Her name is Svetlana Tsikhanouskaya, a former English teacher and housewife with no prior political experience who reluctantly entered the race for president to stand in for her jailed blogger husband, drawing huge crowds to her rallies.
But the august 9 elections didn’t produce the results she and her supporters had hoped for.
President Alexander Lukashenko, in power for more than a quarter of a century, claimed a landslide victory, in an election that saw independent observers either detained or barred from entering polling stations.
The ensuing protests saw to violent clashes between police and the protesters, leading the opposition to flee to Lithuania.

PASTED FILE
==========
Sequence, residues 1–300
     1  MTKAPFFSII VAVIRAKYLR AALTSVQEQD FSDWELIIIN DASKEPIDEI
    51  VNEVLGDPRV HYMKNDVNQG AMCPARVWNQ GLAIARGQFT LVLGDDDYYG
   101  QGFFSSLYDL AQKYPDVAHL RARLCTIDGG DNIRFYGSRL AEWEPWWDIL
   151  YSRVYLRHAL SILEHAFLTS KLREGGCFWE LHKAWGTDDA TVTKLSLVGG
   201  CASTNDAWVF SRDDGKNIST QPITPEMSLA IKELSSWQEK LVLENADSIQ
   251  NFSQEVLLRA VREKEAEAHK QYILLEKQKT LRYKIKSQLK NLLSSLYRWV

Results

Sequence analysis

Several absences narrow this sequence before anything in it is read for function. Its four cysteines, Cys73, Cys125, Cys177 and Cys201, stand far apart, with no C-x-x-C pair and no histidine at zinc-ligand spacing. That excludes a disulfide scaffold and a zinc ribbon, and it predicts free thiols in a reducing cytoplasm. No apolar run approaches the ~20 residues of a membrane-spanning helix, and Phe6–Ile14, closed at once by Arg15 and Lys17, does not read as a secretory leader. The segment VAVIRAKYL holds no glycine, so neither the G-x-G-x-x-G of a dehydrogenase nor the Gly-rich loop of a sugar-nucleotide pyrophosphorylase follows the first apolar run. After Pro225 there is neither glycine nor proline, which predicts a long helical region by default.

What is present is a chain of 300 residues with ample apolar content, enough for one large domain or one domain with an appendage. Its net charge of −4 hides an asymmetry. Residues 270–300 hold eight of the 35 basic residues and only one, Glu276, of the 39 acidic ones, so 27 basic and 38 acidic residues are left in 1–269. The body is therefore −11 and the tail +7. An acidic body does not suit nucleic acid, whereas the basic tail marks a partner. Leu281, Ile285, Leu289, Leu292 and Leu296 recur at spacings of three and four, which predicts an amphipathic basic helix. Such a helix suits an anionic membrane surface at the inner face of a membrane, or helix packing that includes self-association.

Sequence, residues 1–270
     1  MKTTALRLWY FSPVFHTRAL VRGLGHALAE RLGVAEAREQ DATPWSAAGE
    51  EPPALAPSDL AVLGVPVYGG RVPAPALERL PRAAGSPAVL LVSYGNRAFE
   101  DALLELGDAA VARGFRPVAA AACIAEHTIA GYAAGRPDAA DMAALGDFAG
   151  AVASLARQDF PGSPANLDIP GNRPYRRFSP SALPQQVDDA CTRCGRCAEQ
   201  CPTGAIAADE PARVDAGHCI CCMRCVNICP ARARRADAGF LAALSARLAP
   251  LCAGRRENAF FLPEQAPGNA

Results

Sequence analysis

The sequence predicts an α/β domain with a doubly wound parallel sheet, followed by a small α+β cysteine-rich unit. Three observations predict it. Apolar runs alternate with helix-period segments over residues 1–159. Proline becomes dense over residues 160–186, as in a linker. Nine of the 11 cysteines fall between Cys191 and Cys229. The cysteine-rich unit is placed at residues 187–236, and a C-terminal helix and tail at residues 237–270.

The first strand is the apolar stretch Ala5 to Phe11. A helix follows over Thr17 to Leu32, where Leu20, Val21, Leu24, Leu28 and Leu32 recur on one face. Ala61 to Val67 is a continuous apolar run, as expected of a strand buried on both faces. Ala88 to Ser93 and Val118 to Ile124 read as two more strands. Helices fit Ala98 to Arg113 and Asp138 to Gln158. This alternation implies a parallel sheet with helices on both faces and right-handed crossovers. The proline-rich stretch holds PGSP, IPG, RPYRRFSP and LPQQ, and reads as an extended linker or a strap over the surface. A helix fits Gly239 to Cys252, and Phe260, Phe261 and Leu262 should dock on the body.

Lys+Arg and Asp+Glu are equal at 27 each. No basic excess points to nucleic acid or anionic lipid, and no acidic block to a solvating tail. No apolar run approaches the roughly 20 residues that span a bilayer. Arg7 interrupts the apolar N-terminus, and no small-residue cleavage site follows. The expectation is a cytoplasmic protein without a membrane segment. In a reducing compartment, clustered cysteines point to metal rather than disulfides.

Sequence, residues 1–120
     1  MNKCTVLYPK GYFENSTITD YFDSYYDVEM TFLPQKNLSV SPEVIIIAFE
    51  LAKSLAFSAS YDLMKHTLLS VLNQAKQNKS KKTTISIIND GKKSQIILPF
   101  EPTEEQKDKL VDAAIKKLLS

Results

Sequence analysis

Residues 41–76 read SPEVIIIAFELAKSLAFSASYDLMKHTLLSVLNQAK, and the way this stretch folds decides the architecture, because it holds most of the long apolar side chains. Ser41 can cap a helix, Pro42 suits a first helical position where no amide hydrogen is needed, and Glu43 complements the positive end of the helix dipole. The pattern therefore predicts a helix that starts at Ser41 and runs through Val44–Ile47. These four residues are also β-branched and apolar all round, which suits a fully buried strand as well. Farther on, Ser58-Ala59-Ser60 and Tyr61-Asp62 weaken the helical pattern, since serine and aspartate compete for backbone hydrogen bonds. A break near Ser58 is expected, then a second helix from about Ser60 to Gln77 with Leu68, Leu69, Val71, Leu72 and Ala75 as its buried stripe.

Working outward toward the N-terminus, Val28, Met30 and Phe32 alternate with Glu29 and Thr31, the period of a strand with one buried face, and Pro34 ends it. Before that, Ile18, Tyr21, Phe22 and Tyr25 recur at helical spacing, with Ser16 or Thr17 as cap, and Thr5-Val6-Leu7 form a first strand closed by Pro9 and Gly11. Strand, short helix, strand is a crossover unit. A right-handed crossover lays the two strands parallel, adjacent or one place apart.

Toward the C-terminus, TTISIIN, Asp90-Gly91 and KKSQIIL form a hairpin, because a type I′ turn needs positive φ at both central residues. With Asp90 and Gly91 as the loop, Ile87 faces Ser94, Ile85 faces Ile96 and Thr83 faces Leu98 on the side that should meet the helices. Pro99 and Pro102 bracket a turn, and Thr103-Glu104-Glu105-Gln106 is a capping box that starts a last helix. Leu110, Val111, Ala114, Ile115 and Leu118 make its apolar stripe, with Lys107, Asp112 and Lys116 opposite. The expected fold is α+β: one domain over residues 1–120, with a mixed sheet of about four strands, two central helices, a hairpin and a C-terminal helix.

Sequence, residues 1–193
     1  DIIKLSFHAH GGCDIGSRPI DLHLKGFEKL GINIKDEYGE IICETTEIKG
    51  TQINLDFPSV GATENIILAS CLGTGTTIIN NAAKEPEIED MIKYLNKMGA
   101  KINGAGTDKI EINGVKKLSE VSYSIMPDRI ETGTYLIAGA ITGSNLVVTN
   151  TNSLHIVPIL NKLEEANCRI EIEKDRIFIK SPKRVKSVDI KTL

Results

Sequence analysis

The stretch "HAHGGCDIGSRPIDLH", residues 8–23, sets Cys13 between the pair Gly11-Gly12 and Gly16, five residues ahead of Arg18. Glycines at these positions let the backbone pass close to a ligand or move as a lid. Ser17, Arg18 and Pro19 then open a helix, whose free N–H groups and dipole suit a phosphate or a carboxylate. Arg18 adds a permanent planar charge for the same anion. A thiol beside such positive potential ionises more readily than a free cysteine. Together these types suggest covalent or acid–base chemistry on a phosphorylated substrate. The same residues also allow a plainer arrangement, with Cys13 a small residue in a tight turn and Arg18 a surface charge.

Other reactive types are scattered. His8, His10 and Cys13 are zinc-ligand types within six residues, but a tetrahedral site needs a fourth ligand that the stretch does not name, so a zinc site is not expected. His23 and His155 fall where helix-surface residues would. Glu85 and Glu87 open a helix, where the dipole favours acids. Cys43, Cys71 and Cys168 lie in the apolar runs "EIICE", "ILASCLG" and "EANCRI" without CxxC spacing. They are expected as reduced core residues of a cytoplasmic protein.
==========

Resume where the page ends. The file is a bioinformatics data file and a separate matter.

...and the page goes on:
Once nicknamed the last European dictator by Washington, 65-year-old Lukashenko, has accused the opposition of trying to cause a bloodbath, and Russia of provoking violence.
The disputed elections have drawn criticism from the European Union. Germany has called for the reimposition of EU sanctions on the former soviet republic.
Foreign observers have not judged an election to be free and fair in the landlocked Eastern European country since 1995. But as long as Lukashenko has the backing of the military and high-ranking officials, experts say, he will remain in entrenched in power.